Thursday, September 25, 2008

contracts - insurance - interpretation - reasonable expectation of insured

Betz v. Erie Insurance Exchange - Superior Court - September 22, 2008

Trial court judgment in favor of the insured affirmed on appeal. The case involved a "sinkhole endorsement" to a homeowner's policy, which the court found ambiguous as a matter of law and "insufficiently clear to put the policyholder on notice of what the endorsement actually covered...."

Although the interpretation of insurance policies, like all contracts, depends on the intention of the parties, courts also consider all the circumstances, including the object to be accomplished. Contract principes have only limited application in insurance cases. Our courts have often observed that “‘normal’ contract principles do not apply to insurance transactions.”

The "proper focus regarding issues of coverage under insurance contracts is the reasonable expectation of the insured.” This rule of "reasonable expectations" is "not limited only to situations in which the insurance contract might be deemed ambiguous. Regardless of ambiguity or lack thereof, our courts have reviewed the totality of the underlying circumstances.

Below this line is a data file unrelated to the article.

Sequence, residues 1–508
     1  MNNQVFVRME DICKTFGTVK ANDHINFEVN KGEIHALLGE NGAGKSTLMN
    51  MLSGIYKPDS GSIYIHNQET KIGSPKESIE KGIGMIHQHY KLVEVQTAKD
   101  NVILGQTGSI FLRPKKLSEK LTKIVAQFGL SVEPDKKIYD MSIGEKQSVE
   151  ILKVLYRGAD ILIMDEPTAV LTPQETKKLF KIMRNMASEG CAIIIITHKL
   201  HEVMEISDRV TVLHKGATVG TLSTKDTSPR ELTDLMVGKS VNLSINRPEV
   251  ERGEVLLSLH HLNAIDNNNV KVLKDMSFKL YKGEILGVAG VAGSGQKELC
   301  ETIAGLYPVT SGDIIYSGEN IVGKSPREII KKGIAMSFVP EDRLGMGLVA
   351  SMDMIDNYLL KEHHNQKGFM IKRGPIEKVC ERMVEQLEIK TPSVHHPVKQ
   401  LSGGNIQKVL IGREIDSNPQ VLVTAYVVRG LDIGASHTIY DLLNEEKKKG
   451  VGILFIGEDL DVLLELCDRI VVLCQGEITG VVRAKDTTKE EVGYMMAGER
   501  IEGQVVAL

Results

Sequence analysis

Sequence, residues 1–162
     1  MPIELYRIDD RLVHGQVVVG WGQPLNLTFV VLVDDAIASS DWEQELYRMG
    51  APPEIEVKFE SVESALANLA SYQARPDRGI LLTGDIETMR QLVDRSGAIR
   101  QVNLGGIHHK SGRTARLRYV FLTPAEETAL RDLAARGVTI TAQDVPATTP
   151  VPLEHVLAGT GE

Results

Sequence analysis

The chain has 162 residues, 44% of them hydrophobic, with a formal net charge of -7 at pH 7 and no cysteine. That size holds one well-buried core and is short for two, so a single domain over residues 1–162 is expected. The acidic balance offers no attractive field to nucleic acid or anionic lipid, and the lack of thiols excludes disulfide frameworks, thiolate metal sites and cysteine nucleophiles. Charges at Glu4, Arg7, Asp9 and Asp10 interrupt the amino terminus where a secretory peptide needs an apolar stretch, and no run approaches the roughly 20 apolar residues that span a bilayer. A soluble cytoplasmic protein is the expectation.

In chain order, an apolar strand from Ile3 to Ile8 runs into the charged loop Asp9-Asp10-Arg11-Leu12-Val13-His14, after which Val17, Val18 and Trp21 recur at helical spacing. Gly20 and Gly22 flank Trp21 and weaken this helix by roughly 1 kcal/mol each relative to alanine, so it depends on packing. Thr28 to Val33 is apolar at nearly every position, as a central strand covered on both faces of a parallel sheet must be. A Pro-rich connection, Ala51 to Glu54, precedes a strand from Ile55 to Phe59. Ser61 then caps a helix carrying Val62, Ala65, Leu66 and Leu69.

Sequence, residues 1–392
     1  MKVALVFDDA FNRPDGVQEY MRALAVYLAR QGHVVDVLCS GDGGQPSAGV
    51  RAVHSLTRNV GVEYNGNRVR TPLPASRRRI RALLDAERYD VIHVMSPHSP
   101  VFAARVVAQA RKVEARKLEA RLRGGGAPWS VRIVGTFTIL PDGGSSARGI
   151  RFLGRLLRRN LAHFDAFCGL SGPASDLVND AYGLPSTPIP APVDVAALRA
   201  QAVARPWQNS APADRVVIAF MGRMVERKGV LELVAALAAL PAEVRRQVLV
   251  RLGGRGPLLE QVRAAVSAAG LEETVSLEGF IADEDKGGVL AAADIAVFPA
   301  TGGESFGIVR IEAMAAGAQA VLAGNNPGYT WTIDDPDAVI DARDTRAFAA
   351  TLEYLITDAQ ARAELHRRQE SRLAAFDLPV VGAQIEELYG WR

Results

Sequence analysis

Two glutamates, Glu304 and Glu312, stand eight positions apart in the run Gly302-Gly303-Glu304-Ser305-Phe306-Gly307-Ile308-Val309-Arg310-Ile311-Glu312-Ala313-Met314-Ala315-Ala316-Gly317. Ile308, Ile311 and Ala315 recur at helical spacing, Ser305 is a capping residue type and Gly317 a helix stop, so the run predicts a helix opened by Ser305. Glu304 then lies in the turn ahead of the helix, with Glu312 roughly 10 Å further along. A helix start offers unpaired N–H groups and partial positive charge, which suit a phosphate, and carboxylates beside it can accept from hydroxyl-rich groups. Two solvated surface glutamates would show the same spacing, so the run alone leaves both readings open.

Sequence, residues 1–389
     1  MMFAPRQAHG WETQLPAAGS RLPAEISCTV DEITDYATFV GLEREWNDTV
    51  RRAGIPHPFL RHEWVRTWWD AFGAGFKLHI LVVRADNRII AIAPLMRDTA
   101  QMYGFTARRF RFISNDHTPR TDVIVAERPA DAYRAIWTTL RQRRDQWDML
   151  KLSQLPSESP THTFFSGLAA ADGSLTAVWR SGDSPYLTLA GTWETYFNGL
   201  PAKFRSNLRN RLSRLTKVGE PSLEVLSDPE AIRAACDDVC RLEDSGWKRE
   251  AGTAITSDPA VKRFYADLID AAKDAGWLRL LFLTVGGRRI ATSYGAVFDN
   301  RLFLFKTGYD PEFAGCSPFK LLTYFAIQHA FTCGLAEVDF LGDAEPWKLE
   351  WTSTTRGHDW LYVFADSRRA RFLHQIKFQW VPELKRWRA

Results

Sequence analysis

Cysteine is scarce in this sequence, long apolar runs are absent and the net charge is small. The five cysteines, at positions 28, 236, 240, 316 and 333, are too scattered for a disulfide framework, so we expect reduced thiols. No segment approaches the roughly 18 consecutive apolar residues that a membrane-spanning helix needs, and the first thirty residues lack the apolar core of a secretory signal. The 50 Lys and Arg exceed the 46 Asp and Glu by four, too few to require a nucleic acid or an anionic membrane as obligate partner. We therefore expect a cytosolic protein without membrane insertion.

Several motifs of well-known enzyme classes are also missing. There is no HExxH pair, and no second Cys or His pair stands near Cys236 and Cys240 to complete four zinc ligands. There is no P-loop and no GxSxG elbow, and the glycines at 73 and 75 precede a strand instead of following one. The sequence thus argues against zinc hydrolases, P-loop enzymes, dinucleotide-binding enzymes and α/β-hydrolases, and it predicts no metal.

UC - independent contractor - barber

Glatfelter Barber Shop v. UCBR- September 24, 2008 - Commonwealth Court (2-1)

The court affirmed the Board decision that the claimant was an employee rather than an independent contractor, and thus was not disqualified under sec. 402(h) of the UC Law, 43 P.S. § 802(h).

The court said that there is a presumption that the claimant was an employee (without citing cases), and that the employer had not overcome that with contrary evidence. The court also held that the claimant was not engaged In an independently established trade, occupation, profession or business, citing Viktor v. DOLI, 586 Pa. 196, 892 A.2d 781 (2006).

Finally, the court held that claimant's refusal to sign a non-compete agreement was not willful misconduct, citing Zimmerman v. UCBR, 836 A.2d 1074, 1080-81 (Pa. Cmwlth. 2003) (the refusal to sign an agreement presented to a claimant more as an ultimatum than a matter to be negotiated does not constitute willful misconduct.)

There was a lengthy dissent, arguing that the Board decision was arbitrary and capricious.